An artist’s fantasy worldComment on this story
Speak to Nataniël this time of the year and he’s slightly distracted. He will talk about his annual extravaganza at Emperors Palace, but it’s as if his mind is wandering – and it is, all over the show.
What he is thinking about is a choreographic move that he has to create for a specific song, but he has just remembered that he will be wearing an outfit that allows one hand movement and only in a very tiny space.
Not that he’s not paying attention to what you want to know, it’s just that the imaginative juices are flowing more than usual and for someone who sketches fantasy worlds for himself and his audiences, this is a dream time in more senses than one.
This year’s production, fACTORy, was triggered by a one-eyed teddy bear that spends its life on the guest bed at his friend, actor Marion Holm’s house.
“Ours is a longtime friendship and when I sleep over, that teddy bear welcomes me back. It’s been part of my life for probably 40 years and it always feels like a homecoming,” he says about the weathered bear.
To this storyteller the world works like a factory. We are born whole, but then a parent yells at us, or someone disturbs us and our lives become splintered. The rest of our time on Earth is spent trying to put Humpty Dumpty together again.
“It’s a bit like someone losing their head and then replacing it with a cellphone, or their marriage and becoming obsessed with the internet.”
But don’t worry that this is a show about healing.
“I’m not giving any of the answers, I’m simply sketching a scenario which will hopefully get people thinking.”
With two additions, the cast is the same as last year, with powerhouse Lindiwe Bungane joined by another voice Nataniël discovered a while back, that of Corlia Botha.
He knew about this young singer but had never heard her sing until she sang a Chaka Khan song at a function they attended together.
“All singers know you don’t attempt a Khan song lightly, you must be mad, and she blew me away.”
In rehearsals with Corlia and Lindiwe, he’s attempted to give them challenges, but they’re not easily thrown.
“They also get on like a house on fire, because singers who know what they have aren’t threatened,” says Nataniël. He believes they are the two hottest female voice around at the moment. “And I don’t mean ‘arguably’,” he says.
The other new addition is gymnast/dancer Brad Dreyer, who has been coming to his Brooklyn shop Kaalkop (with his mom) for years. She used to say to Nataniël that it was her son’s dream to be in one of his shows. But only when he saw a YouTube video of Brad did he realise that this was an unusual artist. “He is a bit like a contortionist, more gymnast than dancer, and I’ve managed to work him seamlessly into the show.”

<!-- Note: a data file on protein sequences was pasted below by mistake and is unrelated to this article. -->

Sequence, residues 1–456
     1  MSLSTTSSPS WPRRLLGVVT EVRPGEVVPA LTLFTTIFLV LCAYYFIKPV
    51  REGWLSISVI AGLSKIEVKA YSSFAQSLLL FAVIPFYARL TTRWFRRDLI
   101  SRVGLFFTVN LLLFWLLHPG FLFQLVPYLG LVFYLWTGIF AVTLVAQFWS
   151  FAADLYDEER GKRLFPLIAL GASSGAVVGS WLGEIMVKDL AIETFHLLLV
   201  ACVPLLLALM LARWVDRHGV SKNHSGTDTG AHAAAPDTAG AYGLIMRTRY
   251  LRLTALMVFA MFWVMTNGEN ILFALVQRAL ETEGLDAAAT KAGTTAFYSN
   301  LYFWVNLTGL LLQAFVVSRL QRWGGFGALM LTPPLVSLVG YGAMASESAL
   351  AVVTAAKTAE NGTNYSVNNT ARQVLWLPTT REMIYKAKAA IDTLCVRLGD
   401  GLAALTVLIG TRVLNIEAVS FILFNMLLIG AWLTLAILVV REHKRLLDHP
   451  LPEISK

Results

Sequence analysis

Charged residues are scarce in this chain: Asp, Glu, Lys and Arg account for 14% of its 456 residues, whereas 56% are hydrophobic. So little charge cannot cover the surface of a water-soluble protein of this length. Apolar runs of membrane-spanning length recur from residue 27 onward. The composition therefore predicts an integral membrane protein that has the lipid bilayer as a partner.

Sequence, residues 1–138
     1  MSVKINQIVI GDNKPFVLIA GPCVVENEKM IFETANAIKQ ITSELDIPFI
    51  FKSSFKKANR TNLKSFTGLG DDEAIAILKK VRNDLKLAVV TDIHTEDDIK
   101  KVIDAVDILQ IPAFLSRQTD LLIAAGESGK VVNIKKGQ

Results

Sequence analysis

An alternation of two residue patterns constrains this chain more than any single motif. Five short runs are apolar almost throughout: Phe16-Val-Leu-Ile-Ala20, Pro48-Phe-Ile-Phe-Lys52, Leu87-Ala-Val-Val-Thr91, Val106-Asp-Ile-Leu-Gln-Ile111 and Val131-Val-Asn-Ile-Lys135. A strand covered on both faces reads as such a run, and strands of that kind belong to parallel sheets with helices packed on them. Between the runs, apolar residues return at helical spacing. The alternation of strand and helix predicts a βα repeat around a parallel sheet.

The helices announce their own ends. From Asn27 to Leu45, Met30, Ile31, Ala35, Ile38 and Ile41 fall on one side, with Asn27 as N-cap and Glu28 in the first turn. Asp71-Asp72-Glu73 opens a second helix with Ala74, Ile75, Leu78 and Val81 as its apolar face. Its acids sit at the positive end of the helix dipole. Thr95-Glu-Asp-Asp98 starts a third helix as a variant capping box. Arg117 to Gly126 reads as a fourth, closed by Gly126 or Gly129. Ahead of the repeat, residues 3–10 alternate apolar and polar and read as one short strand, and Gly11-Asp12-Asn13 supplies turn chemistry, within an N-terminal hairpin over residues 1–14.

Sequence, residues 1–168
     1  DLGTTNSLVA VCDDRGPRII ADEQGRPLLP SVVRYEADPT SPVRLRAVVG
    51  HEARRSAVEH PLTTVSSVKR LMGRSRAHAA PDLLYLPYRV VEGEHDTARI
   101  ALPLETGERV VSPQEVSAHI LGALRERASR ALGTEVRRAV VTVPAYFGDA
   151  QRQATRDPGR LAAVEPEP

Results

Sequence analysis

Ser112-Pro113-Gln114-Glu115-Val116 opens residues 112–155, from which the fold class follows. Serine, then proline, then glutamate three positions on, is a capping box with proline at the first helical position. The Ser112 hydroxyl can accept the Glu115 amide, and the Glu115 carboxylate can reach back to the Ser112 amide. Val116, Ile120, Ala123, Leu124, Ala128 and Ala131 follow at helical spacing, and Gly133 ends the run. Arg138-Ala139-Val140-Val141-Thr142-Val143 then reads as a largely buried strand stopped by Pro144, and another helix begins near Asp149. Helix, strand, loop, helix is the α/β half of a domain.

They are joined by singer Nicolaas Swart, who was also in last year’s Black White Man Woman which Nataniël describes as his happiest show ever – speaking about both on and off stage.
Some shows are just tougher to execute, he explains. “When the costumes are too complicated or the choreography difficult to remember, it’s a tough one to pull through.”
And when he talks movement, it’s all his own doing. He calls it “bejaarde ballet” (ballet for the elderly).
“I think it up, introduce it into the show and then I’m the one who struggles most,” he says.
But this year, because some of the costume changes are too big to do on stage, he has some moments he can slip off and catch a breather. His costume designer, Floris Louw, started with the costumes in October last year and his instructions were to go BIG and bold. “I said architecture, machines and gigantic,” says the artist. “I want to wear buildings!”
Texture was the other criteria.
“I wanted him to bead and embroider and to create as much texture as possible. It’s a menopausal thing. I need texture in my life NOW!”
And to be surrounded by his energetic and enthusiastic band Charl du Plessis of (keyboards), Juan Oosthuizen (guitar), Werner Spies (bass) and Hugo Radyn (drums) and singer/percussionist Tonia Selley), as well as the handpicked cast, brings him great joy and he’s holding thumbs, something that will translate on to stage.
Off stage, as always, is as hectic as a runaway train.
Nataniël moves his Brooklyn shop Kaalkop on April 1 (it’s not a joke, though) to Pretoria’s Menlopark, where he will be neighbour to his favourite chef Rachel Botes and her popular deli, Carlton Café Delicious.
“She makes much of the foodstuff I sell in my shop and our customers are a similar profile,” he says.
But for those who are fans of both, this will be a big bonus and makes total sense. And as a surprise, he says, the shop will be all white – the only colour which dominates everything he does. Although there is a current penchant for green creeping in.
He has also released his third Kaalkop book with his latest Sarie columns and short stories, as well as the DVD of his food series on Kyknet, Nataniël se Tafel (available on Kalahari.net and through his shop).
He starts shooting the second season in April together with the opening of the shop, but nothing too stressful there.
Nataniël likes the world throwing everything at him at once. It means he simply grabs everything at once and sprints to the finish line.
“One of my dreams for 2013 is to have all the products in my shop be my own and eco friendly.”
They’re almost there, but not quite yet. Watch the space, though.
A final word about fACTORy: “There’s a special slot for cellphone texters right at the start of the show. They’re invited on stage and a big machine gets to gobble them!”
Do yourself a favour, this is one of our most imaginative artists, not arguably... go and see the show.
• fACTORy opens February 21 and runs until March 31, Wednesday to Saturday at 8.30pm, and Sundays at 3pm. No children under 15 allowed.